Consider the plants that are commercial successes for New Zealand, such as Pinus radiata, kiwifruit, grapes, and asparagus. These are all plants producing major income streams for New Zealand. However, under the current regulations, if they were not already here, they would certainly all be denied entry into New Zealand because of their prolific seed production! So, where are we going to generate our income from for any new future crops?

There are some peculiar loopholes in the current legislation that allow large numbers of mature plants to be introduced, that is, of plants that are already here. They can come in, in large quantities, and some of these are actually posing quite a quarantine risk. At the moment, there are crops in the country worth around $2 million that are being held in limbo while the government decides whether the virus that has been found in them was here before 1998. It's in all the horticultural trade press. Nobody wants to say, "Well it was, or it wasn't" because there are large amounts of money involved. The problem is called Badnavirus. It's quite strange that we are allowed to bring in large quantities of mature plants of species that are already here.

The best we can hope for, under current legislation, is to maintain and exploit our existing genetic stocks. We may be able to breed new cultivars within the current genetic pool, but we cannot get new and potentially useful material in. We could attempt to produce new characters through inducing mutations by radiation treatment and mutagenic chemicals. However, it seems to me that plants that have been grown overseas and, "road-tested" for thousands of years as species in the wild have got to be a lot safer than plants that were developed three months ago by chemicals and radiation.

New Zealanders are particularly good at horticulture. We just seem to have a really good feel for it. We grow, breed, and market plants very well. It seems to me that it is one of New Zealand's strengths, and it is frustrating that we are denied access to new material for maintaining this lucrative tradition. Each year, we get further behind, and Australia and other countries are gaining a commercial edge.

So we continually need new genetic material to stay competitive as a nation. We need to breed to improve current crops, and to develop new crops. New Zealand is slipping behind all the time, and the gap keeps getting wider each year with this restrictive legislation. We need a legal and affordable method of entry for new species. Since the Biosecurity Act of 1993, there have only been about six new species introduced legally. God knows how many species have been introduced illegally!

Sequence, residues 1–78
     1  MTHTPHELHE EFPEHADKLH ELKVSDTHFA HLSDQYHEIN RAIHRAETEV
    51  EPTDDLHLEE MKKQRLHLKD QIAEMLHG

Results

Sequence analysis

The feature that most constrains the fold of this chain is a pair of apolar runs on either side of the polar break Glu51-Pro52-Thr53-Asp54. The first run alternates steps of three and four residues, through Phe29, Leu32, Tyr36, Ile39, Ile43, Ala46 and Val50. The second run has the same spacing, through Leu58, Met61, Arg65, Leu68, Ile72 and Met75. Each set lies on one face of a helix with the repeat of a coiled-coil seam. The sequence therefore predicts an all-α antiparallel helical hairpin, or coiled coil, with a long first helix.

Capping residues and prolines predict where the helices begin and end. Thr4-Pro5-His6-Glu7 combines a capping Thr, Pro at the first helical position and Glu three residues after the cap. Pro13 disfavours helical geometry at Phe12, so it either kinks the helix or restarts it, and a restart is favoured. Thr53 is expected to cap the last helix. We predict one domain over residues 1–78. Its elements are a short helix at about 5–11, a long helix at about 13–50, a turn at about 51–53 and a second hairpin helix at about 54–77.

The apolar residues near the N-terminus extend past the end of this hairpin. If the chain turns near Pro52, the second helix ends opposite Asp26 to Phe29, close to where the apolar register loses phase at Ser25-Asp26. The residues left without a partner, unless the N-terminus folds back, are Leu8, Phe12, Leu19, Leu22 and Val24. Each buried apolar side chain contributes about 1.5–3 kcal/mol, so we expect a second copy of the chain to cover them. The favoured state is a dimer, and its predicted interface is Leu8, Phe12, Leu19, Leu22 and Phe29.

What can we do about it? Well, there's really only one answer: we can communicate. The government and the lawmakers represent us, and they are there to make legislative changes that benefit all of New Zealand. The horticultural industry has to let them know that the current import regulations are failing seriously. I encourage you to lobby your MPs now, because it is an election year next year. They need your vote. Let them know that there is something seriously wrong with the state of horticulture in New Zealand, and the fact that we cannot import new plants is gravely jeopardising our future.

Basically, that's my message. Talk about it. Contact people. Make a fuss. There is no point in railing at people in the Ministry of Agriculture and Fisheries, or ERMA, because they are there by Act of Parliament to do a job; to implement the law. It is the law itself, and the implementation of it, that is the problem. We cannot get more plants into New Zealand, and New Zealand really does need more plants.

1. Cave's Tree Nursery, Pukeroro, RD3, Hamilton

Web-notes:

This article is also available as a PDF

Since publication, this topical article has been reproduced by:

Note that Cave's Tree Nursery is no longer in business.

Erratum:

In this article, the acronym for HSNO was incorrectly given as Hazardous Substances and Noxious Organisms Act 1996. This act should correctly be referred to as the Hazardous Substances and New Organisms Act 1996.

See erratum published in The New Zealand Garden Journal (Journal of the Royal New Zealand Institute of Horticulture), Vol. 8, No. 1, June 2005, p. 24.

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Last updated: August 8, 2010